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Level 4
I’ve never meant anybody who likes to move.  I just did it and I’m in the club.  Moving = Not Fun.  It’s not just packing.  It’s the rebound. The unpacking at your destination really kills you.  To avoid early death by moving, I’ve simply left much of it in boxes, in the garage.  I don’t need a lot of my stuff on a daily basis, much less monthly basis.  Now I’m ready to throw it out, but what about recycling? 

To my surprise recycling some things in the bay area, epicenter for many green initiatives, is not easy as you might think. I’m not talking about your 27” TV from 1990.  I’m talking about basic stuff - packing material – the stuff they use to protect precious electronics or new furniture. Turns out those large pieces of foam (aka Styrofoam or technically called expanded polystyrene foam (EPS) are not so easy to recycle.  And it’s not good for the environment. Traditional curbside recycling can’t do anything with it. You may stuff it in your trash or recycle bin, but it doesn’t get recycled. 

“Yet EPS packaging, just like any disposable packaging, will eventually become a solid waste and have to be managed. But here’s the good news: EPS is recyclable. Although the availability of polystyrene recycling programs varies by community and can be limited” from the industry trade site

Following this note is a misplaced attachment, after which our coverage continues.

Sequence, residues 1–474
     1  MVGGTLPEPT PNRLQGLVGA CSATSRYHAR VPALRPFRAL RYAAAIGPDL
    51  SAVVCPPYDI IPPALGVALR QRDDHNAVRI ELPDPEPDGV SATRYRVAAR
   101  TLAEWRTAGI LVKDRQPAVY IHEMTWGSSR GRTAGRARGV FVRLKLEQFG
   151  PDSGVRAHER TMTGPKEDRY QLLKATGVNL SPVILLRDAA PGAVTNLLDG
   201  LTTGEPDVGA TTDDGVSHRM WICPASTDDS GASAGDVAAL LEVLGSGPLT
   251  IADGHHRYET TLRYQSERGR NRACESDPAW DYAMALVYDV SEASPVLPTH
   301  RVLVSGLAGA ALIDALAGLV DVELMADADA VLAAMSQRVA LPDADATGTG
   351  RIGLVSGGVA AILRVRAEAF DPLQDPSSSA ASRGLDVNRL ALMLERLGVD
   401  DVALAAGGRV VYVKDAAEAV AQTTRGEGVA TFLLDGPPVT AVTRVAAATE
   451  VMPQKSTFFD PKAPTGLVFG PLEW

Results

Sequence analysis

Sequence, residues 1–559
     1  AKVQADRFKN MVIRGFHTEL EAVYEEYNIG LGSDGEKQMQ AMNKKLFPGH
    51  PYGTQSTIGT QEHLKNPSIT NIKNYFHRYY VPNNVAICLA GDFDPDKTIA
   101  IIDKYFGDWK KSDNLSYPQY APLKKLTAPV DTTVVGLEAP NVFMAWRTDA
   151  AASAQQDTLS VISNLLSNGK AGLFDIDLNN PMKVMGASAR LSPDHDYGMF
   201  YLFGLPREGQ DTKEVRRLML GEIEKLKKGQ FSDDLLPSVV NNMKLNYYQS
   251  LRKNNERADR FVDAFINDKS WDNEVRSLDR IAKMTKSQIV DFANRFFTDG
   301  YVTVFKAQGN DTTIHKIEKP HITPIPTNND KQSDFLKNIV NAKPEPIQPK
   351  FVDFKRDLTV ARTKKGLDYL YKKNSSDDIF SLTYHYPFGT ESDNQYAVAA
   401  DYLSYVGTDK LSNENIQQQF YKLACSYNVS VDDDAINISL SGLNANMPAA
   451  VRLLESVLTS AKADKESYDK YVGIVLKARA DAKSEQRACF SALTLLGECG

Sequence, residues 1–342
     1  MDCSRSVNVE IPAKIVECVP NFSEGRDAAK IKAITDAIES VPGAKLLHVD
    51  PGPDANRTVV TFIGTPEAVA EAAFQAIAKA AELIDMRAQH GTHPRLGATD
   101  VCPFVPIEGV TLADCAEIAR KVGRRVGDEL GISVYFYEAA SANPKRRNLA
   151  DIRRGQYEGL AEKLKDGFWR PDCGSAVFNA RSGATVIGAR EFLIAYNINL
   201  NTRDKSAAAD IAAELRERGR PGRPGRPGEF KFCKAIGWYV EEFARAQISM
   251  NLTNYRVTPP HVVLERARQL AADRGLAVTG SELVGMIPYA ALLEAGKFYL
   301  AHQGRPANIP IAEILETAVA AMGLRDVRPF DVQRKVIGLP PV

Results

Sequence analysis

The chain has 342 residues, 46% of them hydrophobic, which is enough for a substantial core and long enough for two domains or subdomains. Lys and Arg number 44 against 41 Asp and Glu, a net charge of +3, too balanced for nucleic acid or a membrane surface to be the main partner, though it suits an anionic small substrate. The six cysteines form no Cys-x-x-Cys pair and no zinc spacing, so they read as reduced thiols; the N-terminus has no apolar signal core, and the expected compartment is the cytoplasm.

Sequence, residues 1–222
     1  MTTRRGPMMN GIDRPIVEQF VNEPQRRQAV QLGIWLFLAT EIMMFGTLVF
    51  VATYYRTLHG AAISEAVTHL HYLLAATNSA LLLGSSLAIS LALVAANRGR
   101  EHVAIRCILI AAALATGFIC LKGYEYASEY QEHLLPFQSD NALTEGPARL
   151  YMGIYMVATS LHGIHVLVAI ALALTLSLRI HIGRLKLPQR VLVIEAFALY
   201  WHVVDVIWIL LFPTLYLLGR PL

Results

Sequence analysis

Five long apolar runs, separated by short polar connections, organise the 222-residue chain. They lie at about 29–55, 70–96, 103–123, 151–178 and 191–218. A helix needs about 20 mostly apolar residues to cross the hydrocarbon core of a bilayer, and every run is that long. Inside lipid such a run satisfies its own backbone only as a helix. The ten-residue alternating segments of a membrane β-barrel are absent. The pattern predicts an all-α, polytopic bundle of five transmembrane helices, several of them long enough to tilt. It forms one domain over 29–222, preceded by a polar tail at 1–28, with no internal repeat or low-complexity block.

“You can recycle your EPS packaging by taking it to a specified drop-off location (a program may NOT exist in your area) or by using the AFPR mail-back program.”

Limited is putting it mildly.  I live in the Bay Area, one of the epicenters of green movements, recycling, and all things organic.  None of the curbside recycling pickup groups handle it.  Next step? Send it by mail or drive it to a location like Green Citizen (where you pay to leave it) or an actual industrial site (see drop-off location link) that accepts it for free. Next time you get a big piece of foam packing material (or even the peanuts), consider recycling the right way, rather than just dropping it in your blue recycle bin. I horded the peanuts in bags, but the big massive blocks, that's another story.

So how does this relate to NetBackup and information management?  Turns out that getting rid of old information is not always easy.  We did a survey on information retention (read more here).  In short, customers are using their backup systems for long term storage of data rather than archiving and then deleting it.  Instead, it just sits on tapes in warehouses. A few highlights below:

  • Seventy percent of enterprises use their backup software to implement legal holds and 25 percent preserve the entire backup set indefinitely.
  • Seventy-five percent of backup storage consists of infinite retention or legal hold backup sets.
  • Respondents also stated that 25 percent of the data they back up is not needed for business or should not be kept in a backup.
And how does this relate to recycling? If you have a good story on how you’ve expired old data using one of our products (NetBackup, Backup Exec, or Enterprise Vault), then you could be equipped to make a $30,000 donation to a non-profit organization of your choice. That gives you an awesome chance to give back.  It only requires you to submit a video by September 17th. Learn more at  You’ve got 10 days left.